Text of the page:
By the time it was over, at 9.15pm, it had become almost impossible to see the ball, yet all eyes remained riveted. There was, after all, an extraordinary afterglow, provided by arguably the greatest tennis match ever played.
Rafael Nadal, the 22-year-old Mallorcan who already holds four French Open titles, won it when he beat Roger Federer of Switzerland for the Wimbledon men’s singles title he was defending for the fifth time, by 6-4, 6-4, 6-7, 6-7, 9-7 in four hours, 46 minutes. However, a point had been reached when the matter of who won and who lost had become almost secondary to the scale of the spectacle and the level of the fight. Federer, 26,understandably questioned the proposition but he did agree that even in defeat – an extremely painful one, he made no attempt to disguise – he was still proud to play in such a match.
“It’s not for me to say that was the greatest match ever played at Wimbledon or anywhere else. It is for all who saw it and those who rank these things, but I will say that I was proud to play in such a match and that Rafa played so well.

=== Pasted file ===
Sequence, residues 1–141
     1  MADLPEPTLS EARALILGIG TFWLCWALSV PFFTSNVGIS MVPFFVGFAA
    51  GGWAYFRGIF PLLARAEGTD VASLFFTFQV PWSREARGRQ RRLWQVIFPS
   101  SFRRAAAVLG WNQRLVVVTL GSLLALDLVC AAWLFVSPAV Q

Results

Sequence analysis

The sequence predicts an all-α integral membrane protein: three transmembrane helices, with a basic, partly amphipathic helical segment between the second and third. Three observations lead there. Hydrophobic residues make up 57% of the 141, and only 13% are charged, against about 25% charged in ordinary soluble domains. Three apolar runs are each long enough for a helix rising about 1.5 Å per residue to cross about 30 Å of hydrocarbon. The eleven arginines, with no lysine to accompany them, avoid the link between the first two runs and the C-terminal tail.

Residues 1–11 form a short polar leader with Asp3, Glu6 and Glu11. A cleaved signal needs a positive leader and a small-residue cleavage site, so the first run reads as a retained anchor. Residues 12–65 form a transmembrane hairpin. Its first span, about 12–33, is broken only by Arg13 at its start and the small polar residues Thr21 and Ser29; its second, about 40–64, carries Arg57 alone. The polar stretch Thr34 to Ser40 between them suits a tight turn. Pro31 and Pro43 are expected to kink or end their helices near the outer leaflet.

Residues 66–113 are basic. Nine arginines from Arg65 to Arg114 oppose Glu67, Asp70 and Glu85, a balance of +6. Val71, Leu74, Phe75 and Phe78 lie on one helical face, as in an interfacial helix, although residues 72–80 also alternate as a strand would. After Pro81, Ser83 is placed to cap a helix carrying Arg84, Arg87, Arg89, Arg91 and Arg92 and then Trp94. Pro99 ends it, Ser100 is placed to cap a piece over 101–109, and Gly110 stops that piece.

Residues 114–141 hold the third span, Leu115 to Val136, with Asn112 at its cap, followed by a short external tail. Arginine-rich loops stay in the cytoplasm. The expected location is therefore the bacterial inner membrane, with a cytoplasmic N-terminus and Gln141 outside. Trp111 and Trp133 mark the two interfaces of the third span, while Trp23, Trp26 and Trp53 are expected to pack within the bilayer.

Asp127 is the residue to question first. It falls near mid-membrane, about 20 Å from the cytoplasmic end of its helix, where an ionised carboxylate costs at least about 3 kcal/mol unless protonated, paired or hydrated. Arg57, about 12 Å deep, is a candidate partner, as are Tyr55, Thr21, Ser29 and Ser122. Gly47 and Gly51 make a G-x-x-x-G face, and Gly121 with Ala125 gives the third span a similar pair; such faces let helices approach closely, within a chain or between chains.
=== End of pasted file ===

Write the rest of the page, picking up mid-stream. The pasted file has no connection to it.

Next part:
“No, it was not much fun playing in that light but I suppose it would have been brutal for everyone having to come back in the morning.” It would certainly have broken an amazing spell if the game’s climax had been delayed overnight.
For much of a match that was interrupted for more than an hour by an afternoon rain shower, it seemed that the usual demarcation lines between sport and deeper human dramas had been crossed as Federer fought his way back from what seemed to be a crisis of self-belief.